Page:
HC Deb 27 June 1950 vol 476 cc2159-61

6.25 p.m.

The Prime Minister (Mr. Attlee)

May I, Mr. Speaker, with your leave and the leave of the House, interrupt Business in order to make a statement? [HON. MEMBERS: "Hear, hear."] This morning His Majesty's Government were informed by the United States Government of the terms of a statement which the United States Government intended to make later in the day on the situation in Korea. This statement has in fact just been released for publication in the U.S.A. It reads as follows: In Korea the Government forces, which were armed to prevent border raids and to preserve internal security, were attacked by invading forces from North Korea. The Security Council of the United Nations called upon the invading troops to cease hostilities and to withdraw to the 38th parallel. This they have not done, but on the contrary have pressed the attack. The Security Council called upon all Members of the United Nations to render every assistance to the United Nations in the execution of this resolution. In these circumstances I have ordered United States air and sea forces to give the Korean Government troops cover and support. The attack upon Korea makes it plain beyond all doubt that Communism has passed beyond the use of subversion to conquer independent nations and will now use armed invasion and war. It has defied the orders of the Security Council of the United Nations issued to preserve international peace and security. In these circumstances the occupation of Formosa by Communist forces would be a direct threat to the security of the Pacific area and to United States forces performing their lawful and necessary functions in that area. Accordingly I have ordered the Seventh Fleet to prevent any attack on Formosa. As a corollary of this action. I am calling upon the Chinese Government on Formosa to cease all air and sea operations against the mainland. The Seventh Fleet will see that this is done. The determination of the future status of Formosa must await the restoration of security in the Pacific, a peace settlement with Japan, or consideration by the United Nations. I have also directed that United States Forces in the Philippines be strengthened and that military assistance to the Philippine Government be accelerated. I have similarly directed acceleration in the furnishing of military assistance to the Forces of France and the associated States in Indo-China and the despatch of a military mission to provide close working relations with those Forces. I know that all Members of the United Nations will consider carefully the consequences of this latest aggression in Korea in defiance of the Charter of the United Nations. A return to the rule of force in international affairs would have far-reaching effects. The United States will continue to uphold the rule of law. I have instructed Ambassador Austin, as the representative of the United States to the Security Council, to report these steps to the Council. I should add that the United Kingdom representative on the Security Council has been authorised to support, at today's meeting of the Security Council, a resolution which I understand is being introduced by the United States representative and which recommends that the Members of the United Nations furnish such assistance to the Republic of Korea as may be necessary to repel the armed attack.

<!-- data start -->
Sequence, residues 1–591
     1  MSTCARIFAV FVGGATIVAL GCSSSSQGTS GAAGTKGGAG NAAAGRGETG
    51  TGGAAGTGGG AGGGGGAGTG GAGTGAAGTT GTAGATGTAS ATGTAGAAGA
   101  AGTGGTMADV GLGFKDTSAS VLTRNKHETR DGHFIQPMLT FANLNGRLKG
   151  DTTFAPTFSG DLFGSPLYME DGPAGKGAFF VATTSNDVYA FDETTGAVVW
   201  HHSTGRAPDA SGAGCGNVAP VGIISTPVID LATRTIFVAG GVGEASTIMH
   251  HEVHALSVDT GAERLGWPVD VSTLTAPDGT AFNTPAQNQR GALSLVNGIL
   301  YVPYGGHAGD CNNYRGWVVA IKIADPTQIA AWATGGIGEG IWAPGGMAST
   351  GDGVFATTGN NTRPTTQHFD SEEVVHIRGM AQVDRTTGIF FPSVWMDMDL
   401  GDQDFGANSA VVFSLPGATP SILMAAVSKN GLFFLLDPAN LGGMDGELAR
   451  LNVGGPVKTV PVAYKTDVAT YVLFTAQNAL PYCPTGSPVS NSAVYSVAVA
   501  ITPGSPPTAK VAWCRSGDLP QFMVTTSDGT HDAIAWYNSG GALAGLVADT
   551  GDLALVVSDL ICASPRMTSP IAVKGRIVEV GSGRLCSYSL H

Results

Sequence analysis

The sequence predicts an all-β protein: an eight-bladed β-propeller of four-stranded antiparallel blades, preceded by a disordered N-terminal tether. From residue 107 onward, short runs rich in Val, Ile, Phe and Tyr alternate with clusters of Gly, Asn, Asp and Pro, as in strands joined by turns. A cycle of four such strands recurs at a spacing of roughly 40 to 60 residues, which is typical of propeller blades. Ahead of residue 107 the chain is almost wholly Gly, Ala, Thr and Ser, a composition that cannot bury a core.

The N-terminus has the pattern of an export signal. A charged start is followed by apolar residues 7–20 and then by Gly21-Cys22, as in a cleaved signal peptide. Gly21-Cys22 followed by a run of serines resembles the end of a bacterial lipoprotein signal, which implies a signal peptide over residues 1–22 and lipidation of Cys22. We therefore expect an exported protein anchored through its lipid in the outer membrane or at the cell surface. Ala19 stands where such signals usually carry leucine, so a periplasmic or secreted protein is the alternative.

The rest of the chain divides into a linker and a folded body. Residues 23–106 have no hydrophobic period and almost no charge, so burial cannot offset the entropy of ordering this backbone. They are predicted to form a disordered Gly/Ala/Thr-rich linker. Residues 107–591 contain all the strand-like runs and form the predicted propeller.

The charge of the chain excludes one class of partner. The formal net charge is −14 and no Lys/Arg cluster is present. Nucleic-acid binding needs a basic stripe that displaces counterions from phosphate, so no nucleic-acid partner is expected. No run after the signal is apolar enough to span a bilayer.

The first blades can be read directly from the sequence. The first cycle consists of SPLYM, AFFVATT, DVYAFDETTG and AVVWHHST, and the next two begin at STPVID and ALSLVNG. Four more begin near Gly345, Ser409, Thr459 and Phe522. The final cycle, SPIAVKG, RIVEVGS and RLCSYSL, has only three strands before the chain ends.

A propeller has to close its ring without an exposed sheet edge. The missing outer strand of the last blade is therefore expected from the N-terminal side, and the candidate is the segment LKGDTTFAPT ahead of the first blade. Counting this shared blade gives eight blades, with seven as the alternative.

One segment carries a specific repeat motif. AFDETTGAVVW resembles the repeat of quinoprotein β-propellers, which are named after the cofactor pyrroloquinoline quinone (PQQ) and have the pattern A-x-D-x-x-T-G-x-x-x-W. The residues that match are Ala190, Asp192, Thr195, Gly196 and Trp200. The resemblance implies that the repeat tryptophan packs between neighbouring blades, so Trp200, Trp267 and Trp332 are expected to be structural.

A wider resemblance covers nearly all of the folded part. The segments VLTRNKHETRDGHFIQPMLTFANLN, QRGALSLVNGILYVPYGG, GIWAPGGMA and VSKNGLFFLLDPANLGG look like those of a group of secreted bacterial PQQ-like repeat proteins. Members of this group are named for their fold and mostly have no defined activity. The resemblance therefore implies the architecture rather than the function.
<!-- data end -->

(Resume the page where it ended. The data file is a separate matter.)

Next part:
The situation is of undoubted gravity, but I am certain that there will be no disagreement, after our bitter experiences in the past 35 years, that the salvation of all is dependent on prompt and effective measures to arrest aggression wherever it may occur, using for this purpose the international machinery which the peace-loving nations have set up for this very purpose. The fact is that the authorities in Northern Korea have invaded the territory of the Government of the Republic of Korea. This is naked aggression and it must be checked. We can only hope that all concerned will recognise this simple fact. If they do, there is hope for the future.

In view of the situation Sir Gladwyn Jebb is flying out immediately to New York to take up his post as permanent representative of the United Kingdom to the United Nations.

I felt that the House should have that information at the earliest possible moment.

Mr. Churchill

Naturally, I only intervene for the purpose of expressing our thanks to the Prime Minister for making us acquainted with these grave matters and the sense of unity which dominates the whole House when questions of this gravity seem to touch the principles of freedom and law for which we stand.

Mr. Clement Davies (Montgomery)

Mr. Speaker, will you allow—?

Mr. Speaker

We cannot have questions at the moment because, after all, we are in the middle of a Debate.

Mr. Davies

I only wanted to re-echo what had been said by the right hon. Gentleman the Member for Woodford (Mr. Churchill) and to say that the whole House is behind the Prime Minister.

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